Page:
• It's not very clear to me from the article, so I'm hoping someone can answer.

    Currently in Windows Server 2003, we can actually have 3 TS sessions -- 2 normal ones plus the console, which has come in handy on occasion when 2 administrators have accidentally left sessions running. One can always usurp the console session, which is often easier than trying to use TS Manager to disconnect the other admin sessions.

    Is this still the case in 2008 or are there now really only 2 sessions?

  • Windows Server 2008 supports 2 active and infinite number of disconnected admin sessions.

    When connecting to a machine that already has 2 active sessions, you can choose to disconnect one of active sessions.

    Note: The user you disconnect won't be logged off and his applications continue running.

  • The Terminal Services Team blog has a good post about these changes. One of the most obvious changes

  • The Terminal Services Team blog has a good post about these changes. One of the most obvious changes

  • Sergey,

    Thank you for the info. That sounds like a really well done change.

  • It seems, that code generated with Vista SP1RC doesn't work on XP SP3RC. My understanding is, that both should have the same Version (6.1) of RDC. Setting the "ConnectToAdministerServer" property on XP SP3RC raises a AccessViolationException: "Attempted to read or write protected memory. This is often an indication that other memory is corrupted".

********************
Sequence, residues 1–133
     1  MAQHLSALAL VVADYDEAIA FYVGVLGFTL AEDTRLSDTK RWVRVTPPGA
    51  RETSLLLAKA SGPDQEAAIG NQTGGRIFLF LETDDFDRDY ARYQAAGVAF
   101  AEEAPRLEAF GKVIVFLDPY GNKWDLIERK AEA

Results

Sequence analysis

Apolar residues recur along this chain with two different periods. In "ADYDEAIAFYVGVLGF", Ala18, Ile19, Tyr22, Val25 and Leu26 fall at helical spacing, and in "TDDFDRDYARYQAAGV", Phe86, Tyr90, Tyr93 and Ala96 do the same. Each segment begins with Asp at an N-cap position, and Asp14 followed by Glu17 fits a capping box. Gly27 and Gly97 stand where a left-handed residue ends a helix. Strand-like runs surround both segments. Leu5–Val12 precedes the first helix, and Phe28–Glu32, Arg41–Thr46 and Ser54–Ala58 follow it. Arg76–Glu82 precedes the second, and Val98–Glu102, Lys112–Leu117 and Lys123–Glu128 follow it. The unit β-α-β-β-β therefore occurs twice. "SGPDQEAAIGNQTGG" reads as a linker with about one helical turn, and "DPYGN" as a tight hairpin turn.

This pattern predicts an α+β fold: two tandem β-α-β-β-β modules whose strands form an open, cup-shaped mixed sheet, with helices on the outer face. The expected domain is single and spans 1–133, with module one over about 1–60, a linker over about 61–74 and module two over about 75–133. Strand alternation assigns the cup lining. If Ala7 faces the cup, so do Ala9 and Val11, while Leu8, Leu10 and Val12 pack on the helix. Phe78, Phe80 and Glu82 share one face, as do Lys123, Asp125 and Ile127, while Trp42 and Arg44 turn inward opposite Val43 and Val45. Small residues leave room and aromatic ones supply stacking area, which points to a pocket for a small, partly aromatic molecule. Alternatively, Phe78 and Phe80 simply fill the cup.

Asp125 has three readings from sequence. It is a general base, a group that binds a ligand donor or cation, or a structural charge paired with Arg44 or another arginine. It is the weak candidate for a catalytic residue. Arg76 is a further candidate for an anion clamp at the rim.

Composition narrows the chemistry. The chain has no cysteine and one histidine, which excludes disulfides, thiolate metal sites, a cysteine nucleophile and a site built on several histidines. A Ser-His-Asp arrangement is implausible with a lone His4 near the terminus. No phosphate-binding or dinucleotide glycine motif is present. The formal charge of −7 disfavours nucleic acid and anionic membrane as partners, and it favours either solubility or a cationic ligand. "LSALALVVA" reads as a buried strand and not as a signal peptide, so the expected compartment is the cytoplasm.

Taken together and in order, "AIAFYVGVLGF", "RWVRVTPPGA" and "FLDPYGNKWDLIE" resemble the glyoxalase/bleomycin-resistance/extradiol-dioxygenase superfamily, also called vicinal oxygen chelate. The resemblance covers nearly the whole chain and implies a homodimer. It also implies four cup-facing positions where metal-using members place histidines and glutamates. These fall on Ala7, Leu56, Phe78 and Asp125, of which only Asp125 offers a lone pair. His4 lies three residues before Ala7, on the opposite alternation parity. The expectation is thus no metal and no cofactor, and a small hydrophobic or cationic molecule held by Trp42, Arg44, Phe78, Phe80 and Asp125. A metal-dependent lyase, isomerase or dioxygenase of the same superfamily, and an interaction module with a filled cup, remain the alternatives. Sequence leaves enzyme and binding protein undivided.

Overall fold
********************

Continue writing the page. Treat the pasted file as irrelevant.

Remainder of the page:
With Vista SP1RC it works fine!

    Any ideas?

  • Perhaps the title of this post should be "Microsoft decreases the number of concurrent remote admin connections in windows 2008"

    That's a lot more important than the functionality "gain" that is presented.

    The main use my team has with the 3 sessions is troubleshooting issues on the servers.  To limit the number of concurrent sessions simply cripples these efforts.

    The added functionality of allowing more disconnected sessions seems like a good way to waste more memory.  Perhaps this is good, I'm just pointing out a side effect.

    Also, I'm struggling to understand the benefit of changing the command line switch for GUI based tool?

    Sorry for the sarcasm, this "enhancement" is frustrating.

  • Agreed with most of what's already been posted: apart from the console switch already being a bit of a PiTA for a GUI app (why not a checkbox on the interface?), I can't see the point in effectively renaming it. Why not simply keep it as is, but only make it do anything when connecting to 2003 servers?